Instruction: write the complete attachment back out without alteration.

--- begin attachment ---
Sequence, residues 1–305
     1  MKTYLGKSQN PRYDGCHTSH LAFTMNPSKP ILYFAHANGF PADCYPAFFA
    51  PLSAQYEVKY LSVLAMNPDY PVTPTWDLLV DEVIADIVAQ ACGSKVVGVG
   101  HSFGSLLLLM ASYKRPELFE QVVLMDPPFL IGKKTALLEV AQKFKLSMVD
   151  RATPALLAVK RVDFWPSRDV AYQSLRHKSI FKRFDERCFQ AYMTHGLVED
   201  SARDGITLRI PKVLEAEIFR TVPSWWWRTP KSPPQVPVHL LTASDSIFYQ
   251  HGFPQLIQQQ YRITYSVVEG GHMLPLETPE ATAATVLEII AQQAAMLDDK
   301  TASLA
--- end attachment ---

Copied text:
Sequence, residues 1–305
     1  MKTYLGKSQN PRYDGCHTSH LAFTMNPSKP ILYFAHANGF PADCYPAFFA
    51  PLSAQYEVKY LSVLAMNPDY PVTPTWDLLV DEVIADIVAQ ACGSKVVGVG
   101  HSFGSLLLLM ASYKRPELFE QVVLMDPPFL IGKKTALLEV AQKFKLSMVD
   151  RATPALLAVK RVDFWPSRDV AYQSLRHKSI FKRFDERCFQ AYMTHGLVED
   201  SARDGITLRI PKVLEAEIFR TVPSWWWRTP KSPPQVPVHL LTASDSIFYQ
   251  HGFPQLIQQQ YRITYSVVEG GHMLPLETPE ATAATVLEII AQQAAMLDDK
   301  TASLA